Institutions and Corporate Reputation: Evidence from Public Debt Markets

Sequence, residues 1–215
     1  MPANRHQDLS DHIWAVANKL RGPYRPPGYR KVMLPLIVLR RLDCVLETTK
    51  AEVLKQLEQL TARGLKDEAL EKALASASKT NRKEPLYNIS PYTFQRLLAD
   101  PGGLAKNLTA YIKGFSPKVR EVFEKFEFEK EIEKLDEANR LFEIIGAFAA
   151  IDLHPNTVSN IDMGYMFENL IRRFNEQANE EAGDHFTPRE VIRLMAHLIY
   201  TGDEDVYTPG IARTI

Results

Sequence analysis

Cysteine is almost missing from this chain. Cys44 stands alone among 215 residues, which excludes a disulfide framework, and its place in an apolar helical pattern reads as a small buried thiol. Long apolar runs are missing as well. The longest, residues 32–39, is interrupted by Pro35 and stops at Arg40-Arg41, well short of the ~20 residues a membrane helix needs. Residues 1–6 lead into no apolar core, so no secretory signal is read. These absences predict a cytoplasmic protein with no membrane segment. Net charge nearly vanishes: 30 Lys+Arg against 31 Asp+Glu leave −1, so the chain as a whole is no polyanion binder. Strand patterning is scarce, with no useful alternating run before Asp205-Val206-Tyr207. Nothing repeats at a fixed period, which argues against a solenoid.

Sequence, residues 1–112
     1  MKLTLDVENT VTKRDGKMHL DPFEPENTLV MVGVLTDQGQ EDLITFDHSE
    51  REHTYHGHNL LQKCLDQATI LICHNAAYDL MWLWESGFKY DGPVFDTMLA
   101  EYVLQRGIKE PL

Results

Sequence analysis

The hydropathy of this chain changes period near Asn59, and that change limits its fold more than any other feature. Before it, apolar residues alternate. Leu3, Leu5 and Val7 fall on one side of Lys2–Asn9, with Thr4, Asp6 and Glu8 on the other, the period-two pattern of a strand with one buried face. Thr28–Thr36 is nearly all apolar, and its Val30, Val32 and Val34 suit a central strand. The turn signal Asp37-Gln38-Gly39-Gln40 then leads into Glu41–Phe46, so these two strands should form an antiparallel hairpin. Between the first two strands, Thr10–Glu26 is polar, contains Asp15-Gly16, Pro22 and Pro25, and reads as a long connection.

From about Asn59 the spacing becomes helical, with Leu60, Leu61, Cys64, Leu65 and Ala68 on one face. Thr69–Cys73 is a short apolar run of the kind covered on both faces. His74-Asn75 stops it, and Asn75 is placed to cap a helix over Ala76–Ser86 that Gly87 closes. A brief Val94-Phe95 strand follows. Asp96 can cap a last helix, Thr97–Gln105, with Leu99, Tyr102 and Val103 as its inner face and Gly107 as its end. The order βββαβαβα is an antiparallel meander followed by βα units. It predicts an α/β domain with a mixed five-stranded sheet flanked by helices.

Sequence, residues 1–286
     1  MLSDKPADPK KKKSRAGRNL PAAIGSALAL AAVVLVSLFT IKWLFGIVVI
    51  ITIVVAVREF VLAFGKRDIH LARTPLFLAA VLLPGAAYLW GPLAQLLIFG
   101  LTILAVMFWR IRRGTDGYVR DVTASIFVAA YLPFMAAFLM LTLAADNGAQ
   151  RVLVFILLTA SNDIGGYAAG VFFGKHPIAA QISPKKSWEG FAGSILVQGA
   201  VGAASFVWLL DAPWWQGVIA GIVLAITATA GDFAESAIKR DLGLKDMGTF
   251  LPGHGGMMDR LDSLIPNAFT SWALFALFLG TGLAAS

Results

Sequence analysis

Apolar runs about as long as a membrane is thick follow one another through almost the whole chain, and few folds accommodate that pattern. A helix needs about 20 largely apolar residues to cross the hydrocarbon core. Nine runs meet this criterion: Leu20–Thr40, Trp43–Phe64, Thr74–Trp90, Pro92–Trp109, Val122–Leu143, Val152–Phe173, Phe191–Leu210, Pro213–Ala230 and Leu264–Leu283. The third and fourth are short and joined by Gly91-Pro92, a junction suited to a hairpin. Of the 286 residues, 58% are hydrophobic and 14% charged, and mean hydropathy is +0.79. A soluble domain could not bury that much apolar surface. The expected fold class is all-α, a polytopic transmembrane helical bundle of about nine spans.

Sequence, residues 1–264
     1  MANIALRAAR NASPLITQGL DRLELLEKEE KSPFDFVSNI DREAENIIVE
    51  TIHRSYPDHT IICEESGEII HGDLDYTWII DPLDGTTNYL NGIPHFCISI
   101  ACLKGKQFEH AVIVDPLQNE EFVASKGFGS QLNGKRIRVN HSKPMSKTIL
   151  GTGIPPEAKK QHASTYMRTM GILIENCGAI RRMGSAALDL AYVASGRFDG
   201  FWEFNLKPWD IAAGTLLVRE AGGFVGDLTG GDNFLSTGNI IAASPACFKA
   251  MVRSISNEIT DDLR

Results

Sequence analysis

Using data from China’s public debt markets, we study the value of corporate reputation and how it interacts with legal and cultural forces to assure accountability. Exploring lawsuits that change corporate reputation, we find that firms involved in lawsuits experience a decrease in bond values and a tightening of borrowing terms. Using the heterogeneities in legal and social capital environments across Chinese provinces, we find the effects are more pronounced for private firms, firms headquartered in provinces with low legal protections, and firms headquartered in provinces with high social capital. The results show that lawsuits that allege misconduct are associated with reputational penalties and that such penalties serve as substitutes for legal protections and as complements to cultural forces to provide ex post accountability and motivate ex ante trust.